Google to News Corp: Nobody Fights Piracy Like Us
After Rupert Murdoch's News Corp branded Google a 'platform for piracy' last week, Google has today returned fire. The search giant says that after removing 222 million pages from search results and investing tens of millions in technology, almost no other company has done more to tackle online piracy.
In an open letter to the European competition commissioner earlier this month, News Corp CEO Robert Thomson was highly critical of Google.
Thompson began by speaking warmly of Google's roots as a 'wonderfully feisty' Silicon Valley startup, but that developed into warnings over its immense power today as an 'often unaccountable bureaucracy'. And, as is so often the case with Google's rivals, matters soon turned to Google's attitudes towards online piracy.
'The shining vision of Google's founders has been replaced by a cynical management, which offers advertisers impressively precise data about users and content usage, but has been a platform for piracy and the spread of malicious networks, all while driving more traffic and online advertising dollars to Google,' Thompson said.
The News Corp statement was never likely to go unanswered and today Google officially returned fire.
'Google has done more than almost any other company to help tackle online piracy,' said Rachel Whetstone, Google's senior vice president of global communications.
'In 2013 we removed 222 million web pages from Google Search due to copyright infringement. The average take-down time is now just six hours,' she added.
The SVP also underlined Google's earlier assertions that sites found to repeatedly violate copyright get downgraded in search rankings. It's something the movie studios and record labels have being demanding for some time but although Google insists it delivers, few content creators appear pleased with the results.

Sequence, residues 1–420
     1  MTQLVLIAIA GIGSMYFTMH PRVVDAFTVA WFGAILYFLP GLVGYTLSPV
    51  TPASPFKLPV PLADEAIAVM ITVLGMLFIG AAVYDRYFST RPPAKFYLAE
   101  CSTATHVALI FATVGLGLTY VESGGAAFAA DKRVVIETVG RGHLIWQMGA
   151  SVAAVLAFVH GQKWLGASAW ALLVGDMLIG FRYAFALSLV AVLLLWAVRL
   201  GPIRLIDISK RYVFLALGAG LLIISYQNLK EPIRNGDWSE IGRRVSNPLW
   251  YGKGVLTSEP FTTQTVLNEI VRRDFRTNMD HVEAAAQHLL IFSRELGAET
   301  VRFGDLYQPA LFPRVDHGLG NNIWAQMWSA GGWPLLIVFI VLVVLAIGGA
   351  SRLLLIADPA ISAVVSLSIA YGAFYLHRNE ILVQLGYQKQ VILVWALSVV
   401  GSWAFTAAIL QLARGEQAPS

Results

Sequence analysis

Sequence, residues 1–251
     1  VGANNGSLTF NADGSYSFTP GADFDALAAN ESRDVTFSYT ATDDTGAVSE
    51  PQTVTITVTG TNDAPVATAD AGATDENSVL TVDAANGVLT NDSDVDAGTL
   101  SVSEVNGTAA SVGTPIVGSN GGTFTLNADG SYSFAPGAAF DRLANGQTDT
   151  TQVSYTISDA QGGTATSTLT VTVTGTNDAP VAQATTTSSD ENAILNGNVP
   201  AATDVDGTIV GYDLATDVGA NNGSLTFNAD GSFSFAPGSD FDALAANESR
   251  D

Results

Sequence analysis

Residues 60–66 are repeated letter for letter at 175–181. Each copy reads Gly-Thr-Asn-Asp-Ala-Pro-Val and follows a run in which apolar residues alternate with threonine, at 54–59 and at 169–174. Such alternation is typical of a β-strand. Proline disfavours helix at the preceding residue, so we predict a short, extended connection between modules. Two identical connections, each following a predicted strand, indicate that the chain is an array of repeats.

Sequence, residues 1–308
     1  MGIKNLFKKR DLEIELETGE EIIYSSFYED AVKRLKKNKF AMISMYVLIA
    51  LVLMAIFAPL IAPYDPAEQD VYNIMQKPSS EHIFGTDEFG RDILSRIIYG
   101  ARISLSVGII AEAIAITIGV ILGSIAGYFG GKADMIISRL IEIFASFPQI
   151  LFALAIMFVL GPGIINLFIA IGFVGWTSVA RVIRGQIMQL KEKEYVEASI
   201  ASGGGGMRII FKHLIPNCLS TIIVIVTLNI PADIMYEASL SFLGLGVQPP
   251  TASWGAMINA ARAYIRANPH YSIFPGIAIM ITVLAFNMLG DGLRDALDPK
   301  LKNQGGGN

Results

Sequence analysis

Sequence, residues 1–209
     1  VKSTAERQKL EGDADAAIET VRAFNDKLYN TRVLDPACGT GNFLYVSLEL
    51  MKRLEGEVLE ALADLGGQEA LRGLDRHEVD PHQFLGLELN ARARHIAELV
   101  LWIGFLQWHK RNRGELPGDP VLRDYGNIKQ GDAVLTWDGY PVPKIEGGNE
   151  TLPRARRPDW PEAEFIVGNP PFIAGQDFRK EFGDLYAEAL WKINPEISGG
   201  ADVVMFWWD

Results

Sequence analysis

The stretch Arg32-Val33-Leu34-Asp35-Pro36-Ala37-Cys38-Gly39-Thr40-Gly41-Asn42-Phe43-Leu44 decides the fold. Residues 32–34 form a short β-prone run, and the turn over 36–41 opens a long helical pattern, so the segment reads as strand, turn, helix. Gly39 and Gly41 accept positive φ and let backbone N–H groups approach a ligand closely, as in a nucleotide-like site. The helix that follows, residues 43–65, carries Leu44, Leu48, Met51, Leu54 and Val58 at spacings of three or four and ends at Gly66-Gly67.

On YouTube, however, things play out somewhat differently. Whetstone reminded News Corp that Google has spent tens of millions of dollars developing technology such as its ContentID, a system that not only combats piracy but enables creators to monetize their content.
And hitting back at the accusation that Google has been a platform for the spread of malicious networks, Whetstone said the company is committed to protecting its users' security.
'It's why we remove malware from our search results and other products, and protect more than 1 billion users every day from phishing and malware with our Safe Browsing warnings,' she said.
In response to News Corp accusations that Google undermines the business models of high quality content creators with 'egregious aggregation', Whetstone said that the days of news being controlled by a small number of media organizations were over.
'Today, people have far greater choice. That has had a profound impact on newspapers, who face much stiffer competition for people's attention and for advertising Euros,' the SVP said.
'Google has worked hard to help publishers succeed online - both in terms of generating new audiences and also increasing their digital revenues. Our search products drive over 10 billion clicks a month to 60,000 publishers' websites, and we share billions of dollars annually with advertising publishing partners.'
Finally, in a moment of comedy but with a serious point, Whetston held up a mirror to News Corp in response to its argument that Google's actions could lead to 'a less informed, more vexatious level of dialogue in our society' and only add to 'the intemperate trends we are already seeing in much of Europe.'
By linking to an image of a front page published by Murdoch's 'The Sun' tabloid, Google makes clear that if you're going to criticize others, getting your own house in order should always come first.